How to Make cPanel Work for You
Most of our customers never log into their cPanel account; they are completely happy to work within their WordPress Dashboards and never worry about what else might be available. This is, of course, completely fine; however, there are many things inside cPanel that might be beneficial for you to know about.
So! We’re writing this quick cPanel primer to help you learn about some handy features you can access therein.
What is cPanel?
cPanel is the user-level domain management control panel we use on our shared servers (and on many of our VPS and Dedicated servers, too.) It allows users to oversee and manage nearly every aspect of the domain, including backups, email and FTP accounts, bandwidth consumption, statistics graphs, subdomains, software installations and more – all within an easy-to-learn-and-use graphical interface.
How do I Access cPanel?
When you first signed up for your BCH account, you received a “Welcome” email that contained your cPanel URL, username, and password. If you don’t have the email anymore, we can easily re-send it to you.
The format of your cPanel URL will always be “https://” followed by your hostname (something like roost.blackchickenhost.com) and then “:2083” which is the port (to tell the server you want to access cPanel and not some other service.) An example would be:
If you can’t remember your server’s name, you can also use your domain name:
The one caveat with using your domain is you’ll receive a security warning about the SSL certificate not matching the domain name. This is because the SSL is for our server’s hostname, not your domain – it is completely safe to proceed through the SSL warning here.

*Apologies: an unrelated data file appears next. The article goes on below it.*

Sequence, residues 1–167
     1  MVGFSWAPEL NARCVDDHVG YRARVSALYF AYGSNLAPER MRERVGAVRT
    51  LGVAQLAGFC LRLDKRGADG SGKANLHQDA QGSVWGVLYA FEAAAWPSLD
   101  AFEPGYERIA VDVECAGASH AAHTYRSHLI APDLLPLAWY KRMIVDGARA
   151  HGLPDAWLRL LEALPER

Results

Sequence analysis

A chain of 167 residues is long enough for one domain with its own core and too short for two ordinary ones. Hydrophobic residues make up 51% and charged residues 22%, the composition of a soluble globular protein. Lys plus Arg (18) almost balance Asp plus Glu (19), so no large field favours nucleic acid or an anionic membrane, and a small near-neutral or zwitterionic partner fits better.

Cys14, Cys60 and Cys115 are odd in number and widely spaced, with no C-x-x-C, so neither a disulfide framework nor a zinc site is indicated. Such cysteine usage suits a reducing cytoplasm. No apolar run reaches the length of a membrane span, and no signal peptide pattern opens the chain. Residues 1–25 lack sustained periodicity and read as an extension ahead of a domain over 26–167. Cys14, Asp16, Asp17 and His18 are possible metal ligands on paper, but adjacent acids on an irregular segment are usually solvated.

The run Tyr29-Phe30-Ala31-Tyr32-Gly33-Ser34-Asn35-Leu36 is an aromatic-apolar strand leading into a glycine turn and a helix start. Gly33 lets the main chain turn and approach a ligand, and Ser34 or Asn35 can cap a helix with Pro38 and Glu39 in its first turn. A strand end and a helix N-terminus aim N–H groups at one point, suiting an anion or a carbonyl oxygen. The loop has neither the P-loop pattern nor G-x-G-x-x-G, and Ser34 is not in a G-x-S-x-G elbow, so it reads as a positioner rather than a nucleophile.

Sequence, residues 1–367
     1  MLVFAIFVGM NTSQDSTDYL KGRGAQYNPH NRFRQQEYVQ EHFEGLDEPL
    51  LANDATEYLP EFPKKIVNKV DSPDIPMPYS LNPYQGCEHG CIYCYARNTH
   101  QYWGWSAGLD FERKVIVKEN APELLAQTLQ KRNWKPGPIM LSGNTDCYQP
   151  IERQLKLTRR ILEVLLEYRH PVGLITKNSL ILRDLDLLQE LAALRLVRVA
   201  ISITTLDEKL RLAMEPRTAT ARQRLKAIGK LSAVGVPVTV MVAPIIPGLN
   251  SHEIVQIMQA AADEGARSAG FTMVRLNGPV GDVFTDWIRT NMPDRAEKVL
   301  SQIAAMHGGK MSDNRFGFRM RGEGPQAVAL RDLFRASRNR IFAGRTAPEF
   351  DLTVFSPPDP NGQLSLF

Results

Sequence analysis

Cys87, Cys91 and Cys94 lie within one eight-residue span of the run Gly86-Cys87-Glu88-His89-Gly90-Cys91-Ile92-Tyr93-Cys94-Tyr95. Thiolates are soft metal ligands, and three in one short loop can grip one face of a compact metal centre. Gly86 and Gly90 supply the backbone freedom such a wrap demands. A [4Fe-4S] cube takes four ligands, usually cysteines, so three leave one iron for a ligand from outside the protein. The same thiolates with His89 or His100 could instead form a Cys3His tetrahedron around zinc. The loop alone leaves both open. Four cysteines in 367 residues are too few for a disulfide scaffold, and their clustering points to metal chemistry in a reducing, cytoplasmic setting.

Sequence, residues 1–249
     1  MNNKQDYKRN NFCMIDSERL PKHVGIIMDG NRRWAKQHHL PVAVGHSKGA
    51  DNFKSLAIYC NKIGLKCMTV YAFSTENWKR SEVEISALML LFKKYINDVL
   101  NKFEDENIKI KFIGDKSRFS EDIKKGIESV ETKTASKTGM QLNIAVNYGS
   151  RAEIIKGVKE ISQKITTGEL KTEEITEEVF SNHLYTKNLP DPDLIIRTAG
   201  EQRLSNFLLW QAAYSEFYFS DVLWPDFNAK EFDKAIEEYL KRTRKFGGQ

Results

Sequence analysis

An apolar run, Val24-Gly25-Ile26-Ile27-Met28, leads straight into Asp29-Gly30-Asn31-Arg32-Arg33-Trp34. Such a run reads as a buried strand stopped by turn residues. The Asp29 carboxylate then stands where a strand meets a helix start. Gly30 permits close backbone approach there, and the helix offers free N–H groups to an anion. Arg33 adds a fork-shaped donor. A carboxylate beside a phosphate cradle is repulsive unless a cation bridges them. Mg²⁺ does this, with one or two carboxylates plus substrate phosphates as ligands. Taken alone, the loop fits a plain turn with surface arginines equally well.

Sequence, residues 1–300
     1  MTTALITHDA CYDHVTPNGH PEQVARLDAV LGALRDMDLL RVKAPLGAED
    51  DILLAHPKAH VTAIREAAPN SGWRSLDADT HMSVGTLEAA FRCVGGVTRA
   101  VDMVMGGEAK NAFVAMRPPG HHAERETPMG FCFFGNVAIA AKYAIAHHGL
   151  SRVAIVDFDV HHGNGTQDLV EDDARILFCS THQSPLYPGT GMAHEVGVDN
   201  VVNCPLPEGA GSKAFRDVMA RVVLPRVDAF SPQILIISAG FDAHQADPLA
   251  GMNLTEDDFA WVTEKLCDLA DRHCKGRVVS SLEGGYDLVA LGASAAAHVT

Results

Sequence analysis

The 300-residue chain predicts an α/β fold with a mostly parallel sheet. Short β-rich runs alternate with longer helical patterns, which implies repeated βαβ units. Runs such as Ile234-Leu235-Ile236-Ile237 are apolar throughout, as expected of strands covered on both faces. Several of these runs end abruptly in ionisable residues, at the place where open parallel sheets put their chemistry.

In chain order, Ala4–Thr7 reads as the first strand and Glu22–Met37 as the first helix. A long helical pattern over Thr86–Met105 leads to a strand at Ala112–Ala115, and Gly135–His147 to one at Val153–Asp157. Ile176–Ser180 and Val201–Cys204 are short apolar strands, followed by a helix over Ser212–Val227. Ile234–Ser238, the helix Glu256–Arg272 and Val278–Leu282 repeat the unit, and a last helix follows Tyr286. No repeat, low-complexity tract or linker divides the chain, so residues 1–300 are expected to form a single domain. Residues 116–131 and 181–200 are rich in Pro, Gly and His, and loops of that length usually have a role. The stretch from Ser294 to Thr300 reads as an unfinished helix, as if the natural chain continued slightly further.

First steps inside cPanel
Once you’re in, what your cPanel looks like will depend upon which theme you have selected. Older accounts will have the x3 theme by default, while newer accounts will have Paper Lantern. You may change your theme by using the “Switch Theme” selector on the main page.
Despite cosmetic differences, the functionality remains the same. Most customers are interested in the following cPanel areas:
cPanel backups are outstanding – they are a full, exact snapshot of your entire account in one handy file. It will contain everything from databases to email to themes to widgets. If something goes wrong with your website which cannot be fixed or undone, reverting to the last cPanel backup will put everything back in place as it was at the time the backup was taken.
We strongly advise downloading a cPanel backup to your home computer from time to time, just in case of the unlikely event something catastrophic occurs within our datacenter.
Our courtesy cPanel backups are very robust, but they are a courtesy service only – they are not guaranteed.
You can access cPanel backups within cPanel under the Files area. If you click up Backup Wizard, you’ll see options to Backup or Restore.
Backup restorations are typically best left to us to perform, so I’m going to skip over that for now, and focus upon how to generate and download a cPanel backup.
Within the Wizard, please click on Backup, and then on Full Backup. On the next page, select Home Directory in the Backup Destination, and then enter your email address in the field below to receive a notification when the backup process has completed. Click “Generate Backup.” Depending upon how large your account is, the backup may take anywhere from 5 minutes to 2 hours.
When you receive the completion email, log back into cPanel, and this time, go into the Backups icon. In the Account Backups drop-down menu, select the date from the backup you took in the step above, and then click Download.